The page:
# Proof for discontinuity in $f(x)$ at $x=0$ if $f(xy)=f(x)f(y)$ and $f(x)$ is continuous at $x=1$ [closed]

My attempt: I found the left hand limit and right hand limit at $$x=1$$ and equated them From that it can be written that $$\forall x,y\in \mathbb R, f(x)$$ is continuous I don't see how $$f$$ can be discontinous at $$x=0$$

## closed as off-topic by amWhy, José Carlos Santos, user10354138, KReiser, RebellosDec 7 at 10:57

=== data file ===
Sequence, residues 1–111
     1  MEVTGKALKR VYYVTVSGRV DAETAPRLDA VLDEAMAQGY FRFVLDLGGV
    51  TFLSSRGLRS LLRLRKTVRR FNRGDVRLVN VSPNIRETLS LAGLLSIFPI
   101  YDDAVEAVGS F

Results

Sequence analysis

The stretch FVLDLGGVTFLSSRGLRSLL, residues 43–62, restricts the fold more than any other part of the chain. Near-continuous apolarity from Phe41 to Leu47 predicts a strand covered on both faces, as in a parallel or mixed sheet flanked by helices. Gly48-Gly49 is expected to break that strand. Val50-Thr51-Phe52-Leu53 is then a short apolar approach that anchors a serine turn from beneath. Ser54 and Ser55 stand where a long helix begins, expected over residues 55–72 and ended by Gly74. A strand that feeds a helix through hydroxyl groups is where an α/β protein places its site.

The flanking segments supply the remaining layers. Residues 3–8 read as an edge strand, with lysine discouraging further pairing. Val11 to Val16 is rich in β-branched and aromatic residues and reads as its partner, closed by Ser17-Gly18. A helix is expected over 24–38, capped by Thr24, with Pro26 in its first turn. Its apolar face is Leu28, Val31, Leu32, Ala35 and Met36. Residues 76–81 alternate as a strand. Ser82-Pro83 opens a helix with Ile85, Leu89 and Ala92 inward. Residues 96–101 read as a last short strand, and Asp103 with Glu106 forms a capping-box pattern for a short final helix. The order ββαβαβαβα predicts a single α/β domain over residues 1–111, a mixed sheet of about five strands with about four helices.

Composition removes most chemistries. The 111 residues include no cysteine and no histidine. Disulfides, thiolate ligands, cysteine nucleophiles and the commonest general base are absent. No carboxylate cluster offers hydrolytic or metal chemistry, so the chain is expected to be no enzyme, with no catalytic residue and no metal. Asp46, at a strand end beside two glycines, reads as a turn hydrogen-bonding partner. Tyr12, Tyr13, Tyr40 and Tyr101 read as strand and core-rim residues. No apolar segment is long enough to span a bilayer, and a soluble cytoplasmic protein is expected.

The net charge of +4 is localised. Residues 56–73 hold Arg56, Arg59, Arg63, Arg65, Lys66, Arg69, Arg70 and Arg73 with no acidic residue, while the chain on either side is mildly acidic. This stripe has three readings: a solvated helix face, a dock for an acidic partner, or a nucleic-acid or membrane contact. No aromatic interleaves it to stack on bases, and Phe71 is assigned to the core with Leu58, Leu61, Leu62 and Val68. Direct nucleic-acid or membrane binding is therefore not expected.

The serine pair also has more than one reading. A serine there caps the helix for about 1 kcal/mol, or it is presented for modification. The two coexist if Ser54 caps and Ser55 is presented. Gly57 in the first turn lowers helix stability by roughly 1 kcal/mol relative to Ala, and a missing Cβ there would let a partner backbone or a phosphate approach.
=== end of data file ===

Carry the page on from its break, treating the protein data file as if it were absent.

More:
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• what about $f(x)=x^2$ ?? – giannispapav Dec 6 at 16:30
• If $f$ is the constant one function, $f(xy) = f(x)f(y)$ and $f$ is continuous everywhere, so you cannot prove what is stated in your title. – Mees de Vries Dec 6 at 16:30
• Is this true though, how about $f(x) = 1$ – caverac Dec 6 at 16:31
• $f(x)=0\forall x$ is a counterexample. Do you mean $f(xy) = f(x) + f(y)$ ("$+$" instead of "$\cdot$") ? – Caroline Dec 6 at 16:38
• @Caroline. No, same counter example. – William Elliot Dec 7 at 3:38